In response to the Government of Nova Scotia’s announced plans to amend the Biodiversity Act (Bill 4) prior to law amendments, we submit this statement on behalf of Dalhousie University’s School for Resource and Environmental Studies, Halifax, Nova Scotia.
The Biodiversity Act is a crucial step towards addressing serious declines in biological diversity in Nova Scotia. Last updated in 2017, the Endangered Species Act lists 71 species, with five now globally extinct and three provincially extinct (extirpated). Populations of many other species are in decline, yet not officially listed. Attention to biodiversity is needed prior to reaching endangered status and to support recovery efforts. A strong economy is dependent on sustainable ecosystems.
Globally, precipitous declines in biospheric integrity are at or beyond planetary limits, threatening life on earth. Immediate and transformative actions are needed to stem the declines. Biodiversity collapse and climate change are twin crises, representing emergencies for humanity.
The Biodiversity Act was first introduced and died on the order table in spring 2019, pending further refinement through public consultation. On March 11, 2021, it was introduced for the second time, incorporating input from landowner consultations, primarily that the government will implement a collaborative approach with landowners, require consent of private landowners before including their property in a biodiversity management zone, and provide compensation in exchange for landowners’ efforts.
On March 23, the Government issued a news release announcing plans to amend the Bill. The announcement was prompted by landowner concerns, following an aggressive forestry-industry and landowner lobby, and stemming from misrepresentation and misunderstanding of the powers and provisions within the Bill. Premier Iain Rankin has stated that the changes to the Bill will not be released in writing ahead of March 29, when the Bill will go to the legislature’s law amendments committee, where the public has the opportunity to voice its opinions.
We understand that Premier Iain Rankin seeks to institute changes to the Bill that rectify and clarify its intent. We support any necessary changes for clarification.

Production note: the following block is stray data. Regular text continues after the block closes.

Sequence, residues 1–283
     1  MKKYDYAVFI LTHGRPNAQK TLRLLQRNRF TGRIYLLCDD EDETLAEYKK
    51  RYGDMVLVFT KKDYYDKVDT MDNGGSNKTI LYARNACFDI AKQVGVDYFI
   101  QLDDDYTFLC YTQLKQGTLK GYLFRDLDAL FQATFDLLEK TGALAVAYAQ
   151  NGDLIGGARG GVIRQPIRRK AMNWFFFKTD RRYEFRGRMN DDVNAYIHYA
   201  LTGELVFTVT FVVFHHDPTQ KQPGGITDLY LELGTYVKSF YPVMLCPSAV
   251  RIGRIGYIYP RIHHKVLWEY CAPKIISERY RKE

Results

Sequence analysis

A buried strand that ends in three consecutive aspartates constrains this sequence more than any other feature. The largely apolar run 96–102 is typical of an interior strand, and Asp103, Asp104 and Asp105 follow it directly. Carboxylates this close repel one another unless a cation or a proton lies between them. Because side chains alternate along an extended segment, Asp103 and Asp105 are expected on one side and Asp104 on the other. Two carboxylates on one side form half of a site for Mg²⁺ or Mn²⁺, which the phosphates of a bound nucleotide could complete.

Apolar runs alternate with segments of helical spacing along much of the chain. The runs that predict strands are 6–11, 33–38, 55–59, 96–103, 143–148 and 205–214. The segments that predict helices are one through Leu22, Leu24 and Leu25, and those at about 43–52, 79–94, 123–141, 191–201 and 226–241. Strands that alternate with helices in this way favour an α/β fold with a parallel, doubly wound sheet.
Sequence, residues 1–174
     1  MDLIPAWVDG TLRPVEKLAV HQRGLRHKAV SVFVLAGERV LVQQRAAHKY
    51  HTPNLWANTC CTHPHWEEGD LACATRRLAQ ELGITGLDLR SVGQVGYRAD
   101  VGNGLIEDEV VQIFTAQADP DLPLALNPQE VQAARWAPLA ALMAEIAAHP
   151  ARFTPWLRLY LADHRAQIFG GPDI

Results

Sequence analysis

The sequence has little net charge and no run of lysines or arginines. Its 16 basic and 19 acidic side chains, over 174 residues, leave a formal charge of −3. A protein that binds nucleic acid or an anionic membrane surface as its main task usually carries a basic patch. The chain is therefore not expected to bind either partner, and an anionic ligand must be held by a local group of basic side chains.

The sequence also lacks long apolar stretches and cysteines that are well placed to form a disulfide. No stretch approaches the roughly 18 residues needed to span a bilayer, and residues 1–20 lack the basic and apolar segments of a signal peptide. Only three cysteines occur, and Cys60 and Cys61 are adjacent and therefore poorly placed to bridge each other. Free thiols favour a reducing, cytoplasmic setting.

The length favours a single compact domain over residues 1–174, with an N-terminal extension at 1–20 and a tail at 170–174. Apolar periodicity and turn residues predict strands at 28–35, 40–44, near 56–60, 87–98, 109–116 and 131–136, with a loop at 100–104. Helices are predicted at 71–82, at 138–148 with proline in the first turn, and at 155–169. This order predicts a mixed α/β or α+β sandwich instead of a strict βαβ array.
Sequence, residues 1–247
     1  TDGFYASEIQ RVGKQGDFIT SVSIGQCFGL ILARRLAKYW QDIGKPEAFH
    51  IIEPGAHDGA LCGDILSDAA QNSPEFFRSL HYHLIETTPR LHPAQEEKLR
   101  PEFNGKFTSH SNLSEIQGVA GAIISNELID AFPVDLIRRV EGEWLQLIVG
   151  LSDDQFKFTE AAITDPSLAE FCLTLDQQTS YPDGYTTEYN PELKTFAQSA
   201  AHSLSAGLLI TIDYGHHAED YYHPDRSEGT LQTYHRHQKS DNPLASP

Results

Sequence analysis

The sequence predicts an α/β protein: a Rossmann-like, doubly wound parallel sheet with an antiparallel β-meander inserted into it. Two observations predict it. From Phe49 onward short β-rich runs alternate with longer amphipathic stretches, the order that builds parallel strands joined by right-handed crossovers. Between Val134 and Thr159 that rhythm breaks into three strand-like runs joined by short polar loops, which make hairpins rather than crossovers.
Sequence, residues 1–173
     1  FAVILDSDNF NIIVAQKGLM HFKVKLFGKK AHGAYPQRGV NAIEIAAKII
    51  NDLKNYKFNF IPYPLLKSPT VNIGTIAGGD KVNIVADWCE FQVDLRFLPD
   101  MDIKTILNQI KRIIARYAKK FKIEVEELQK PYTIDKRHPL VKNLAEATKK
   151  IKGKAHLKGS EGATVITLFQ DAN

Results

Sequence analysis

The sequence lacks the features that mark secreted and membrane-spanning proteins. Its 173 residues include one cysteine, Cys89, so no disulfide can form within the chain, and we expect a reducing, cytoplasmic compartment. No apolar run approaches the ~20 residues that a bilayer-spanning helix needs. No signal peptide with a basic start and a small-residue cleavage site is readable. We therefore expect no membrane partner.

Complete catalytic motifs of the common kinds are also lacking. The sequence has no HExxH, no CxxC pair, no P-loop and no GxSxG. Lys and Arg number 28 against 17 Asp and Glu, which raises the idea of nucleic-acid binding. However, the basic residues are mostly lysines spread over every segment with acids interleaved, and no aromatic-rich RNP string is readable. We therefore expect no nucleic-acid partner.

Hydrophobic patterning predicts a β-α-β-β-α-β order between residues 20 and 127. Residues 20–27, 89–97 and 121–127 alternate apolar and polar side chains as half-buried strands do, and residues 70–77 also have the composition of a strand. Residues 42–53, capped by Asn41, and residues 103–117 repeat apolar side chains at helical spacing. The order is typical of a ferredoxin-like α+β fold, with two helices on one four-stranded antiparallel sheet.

We also understand that the changes will: 1) remove biodiversity emergency orders, which would grant the province the right to intervene on private land in emergency situations where the act was being contravened; 2) remove offences and fines; and, 3) apply to Crown land unless a private landowner wants to be included in developing a biodiversity management zone on their land. These changes represent significant weakening of the act. Crown land comprises less than 30% of the province. Biodiversity cannot be retained and recovered by provisions that apply only to 30% of the land. These three elements represent provisions that are crucial to achieving the objectives of the act, and thus changes should not be made to remove or restrict them to Crown lands.
We are concerned that changes, whether clarifications or substantive, are to be undertaken prior to law amendments. We are also concerned that the changes will not be released in writing prior to law amendments. These practices undermine the democratic process of law amendments.
We acknowledge the importance of the Biodiversity Act and support the Bill in principle. We urge, however, that changes not extend beyond clarifications. Specifically, we urge that the three aforementioned crucial elements be retained and not removed.
Submitted by Dr. Michelle Adams, Director, and Prof. Karen Beazley, on behalf of the School for Resource and Environmental Studies, Dalhousie University. Authors Karen F Beazley, Michelle Adams, Tony Robert Walker, and Melanie Zurba.
March 26, 2021, Halifax
This statement was first published on ResearchGate. Republished on the NS Advocate site with permission.
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